Lancashire

Mother 'murdered baby daughter after care workers left'

Slater Lane, Leyland Image copyright Google

A mother murdered her "helpless and vulnerable" seven-month-old daughter two hours after care workers left her alone with the child, a court heard.

Jennifer Crichton, 35, of Leyland, Lancashire, subjected baby Amelia to a "violent physical assault" when carers left, Preston Crown Court was told.

Prosecutors said the baby suffered "catastrophic" head injuries.

Ms Crichton, who denies murder, claims Amelia went "limp" after letting out "an almighty scream" while waking up.

Christopher Tehrani QC, prosecuting, told the court the defendant's story was discredited by expert medical examination which excluded any accident, natural disease or medical condition.

Tests showed Amelia had suffered a skull fracture and bleed on her brain, with Ms Crichton offering no explanation as to what had happened.

"Catastrophic" injuries

Medical analysis concluded she had been subjected to a "violent physical assault" immediately before her collapse as a result of "striking or throwing" against a hard surface as well as bodily shaking, the prosecutor said.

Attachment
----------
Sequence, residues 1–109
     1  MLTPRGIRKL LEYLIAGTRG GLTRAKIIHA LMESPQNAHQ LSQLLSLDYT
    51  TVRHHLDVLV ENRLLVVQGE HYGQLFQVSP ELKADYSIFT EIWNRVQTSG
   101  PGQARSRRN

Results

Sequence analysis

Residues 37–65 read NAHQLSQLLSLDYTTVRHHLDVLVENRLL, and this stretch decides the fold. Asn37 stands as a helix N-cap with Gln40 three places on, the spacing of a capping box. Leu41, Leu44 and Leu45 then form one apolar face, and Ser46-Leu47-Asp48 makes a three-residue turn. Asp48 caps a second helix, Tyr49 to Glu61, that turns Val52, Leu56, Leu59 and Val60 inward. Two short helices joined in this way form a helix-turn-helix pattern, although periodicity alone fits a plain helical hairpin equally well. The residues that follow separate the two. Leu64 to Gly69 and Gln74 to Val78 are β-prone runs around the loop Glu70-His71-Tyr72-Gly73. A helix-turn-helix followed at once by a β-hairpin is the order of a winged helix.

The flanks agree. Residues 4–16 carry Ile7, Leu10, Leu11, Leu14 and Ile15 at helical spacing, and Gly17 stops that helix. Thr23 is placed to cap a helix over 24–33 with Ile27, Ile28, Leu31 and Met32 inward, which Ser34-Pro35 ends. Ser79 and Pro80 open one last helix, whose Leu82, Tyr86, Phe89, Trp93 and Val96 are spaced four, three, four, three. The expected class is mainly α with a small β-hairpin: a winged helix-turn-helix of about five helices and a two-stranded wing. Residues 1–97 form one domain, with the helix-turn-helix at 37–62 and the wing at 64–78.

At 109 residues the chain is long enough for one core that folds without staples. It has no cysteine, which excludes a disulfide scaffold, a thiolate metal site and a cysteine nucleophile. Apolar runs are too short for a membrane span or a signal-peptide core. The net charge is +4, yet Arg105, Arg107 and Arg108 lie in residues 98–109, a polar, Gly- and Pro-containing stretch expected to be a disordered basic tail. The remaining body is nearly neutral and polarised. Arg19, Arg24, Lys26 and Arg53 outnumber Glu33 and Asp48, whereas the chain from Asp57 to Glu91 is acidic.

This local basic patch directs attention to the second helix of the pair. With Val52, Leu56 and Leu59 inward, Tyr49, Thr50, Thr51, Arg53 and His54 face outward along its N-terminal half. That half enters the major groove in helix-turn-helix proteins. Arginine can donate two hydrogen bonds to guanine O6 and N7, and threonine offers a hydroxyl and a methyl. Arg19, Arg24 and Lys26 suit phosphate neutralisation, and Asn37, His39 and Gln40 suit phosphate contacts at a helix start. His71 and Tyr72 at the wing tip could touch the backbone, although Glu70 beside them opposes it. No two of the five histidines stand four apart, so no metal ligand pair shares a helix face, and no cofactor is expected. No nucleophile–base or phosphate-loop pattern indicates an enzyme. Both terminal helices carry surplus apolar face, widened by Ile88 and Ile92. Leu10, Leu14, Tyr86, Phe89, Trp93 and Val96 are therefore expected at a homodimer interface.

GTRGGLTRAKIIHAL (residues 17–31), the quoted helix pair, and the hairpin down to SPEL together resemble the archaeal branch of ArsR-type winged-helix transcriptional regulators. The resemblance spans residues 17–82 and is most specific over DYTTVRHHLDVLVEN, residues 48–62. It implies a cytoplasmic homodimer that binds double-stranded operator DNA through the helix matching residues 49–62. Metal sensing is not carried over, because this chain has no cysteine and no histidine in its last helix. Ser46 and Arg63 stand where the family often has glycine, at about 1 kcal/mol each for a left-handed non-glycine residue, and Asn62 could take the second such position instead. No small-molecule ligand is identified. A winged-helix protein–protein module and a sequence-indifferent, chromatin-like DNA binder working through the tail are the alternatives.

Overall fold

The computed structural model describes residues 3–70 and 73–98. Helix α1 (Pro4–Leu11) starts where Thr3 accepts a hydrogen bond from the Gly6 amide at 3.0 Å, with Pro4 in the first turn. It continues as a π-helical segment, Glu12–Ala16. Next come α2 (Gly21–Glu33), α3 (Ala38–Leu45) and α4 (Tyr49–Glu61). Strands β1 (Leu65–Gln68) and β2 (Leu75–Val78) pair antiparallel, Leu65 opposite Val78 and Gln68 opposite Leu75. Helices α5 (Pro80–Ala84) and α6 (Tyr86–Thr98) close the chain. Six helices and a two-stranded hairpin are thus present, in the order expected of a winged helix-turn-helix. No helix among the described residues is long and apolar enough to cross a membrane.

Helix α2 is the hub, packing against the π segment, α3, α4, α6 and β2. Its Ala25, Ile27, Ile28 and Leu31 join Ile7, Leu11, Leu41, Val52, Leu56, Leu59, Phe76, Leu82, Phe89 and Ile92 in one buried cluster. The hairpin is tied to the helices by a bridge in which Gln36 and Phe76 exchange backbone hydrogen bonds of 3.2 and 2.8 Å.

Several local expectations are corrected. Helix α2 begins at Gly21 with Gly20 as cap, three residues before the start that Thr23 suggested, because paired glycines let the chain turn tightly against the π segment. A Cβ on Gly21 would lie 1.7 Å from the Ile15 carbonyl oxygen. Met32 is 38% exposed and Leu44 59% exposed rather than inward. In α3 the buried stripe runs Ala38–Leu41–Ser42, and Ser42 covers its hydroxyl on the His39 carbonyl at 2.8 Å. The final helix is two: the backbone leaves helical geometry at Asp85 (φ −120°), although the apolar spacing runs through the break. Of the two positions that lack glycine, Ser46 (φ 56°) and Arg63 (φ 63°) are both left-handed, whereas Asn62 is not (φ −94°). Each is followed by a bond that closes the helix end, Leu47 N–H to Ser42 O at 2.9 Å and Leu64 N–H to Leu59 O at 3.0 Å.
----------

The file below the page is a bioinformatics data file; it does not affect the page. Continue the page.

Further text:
Injuries included damage to nerve fibres in the brain stem, a complex skull fracture to the right side of Amelia's skull and bleeding to her right eye.

The injuries were "strongly supportive" of being due to a "deliberately inflicted head injury" caused by "significant blunt force", Mr Tehrani said.

Ms Crichton was receiving help under a care order to look after the baby at her home on Slater Lane, Leyland, but an hour and 20 minutes after her support worker left the property at 23:00 on 19 April, Ms Crichton rang for an ambulance reporting her daughter was not breathing, jurors heard.

Amelia was taken to The Royal Manchester Children's Hospital but two days later doctors concluded the child would not recover from her "catastrophic" brain injuries and life support was withdrawn.

Ms Crichton was arrested four days after her daughter's death.

The trial continues.

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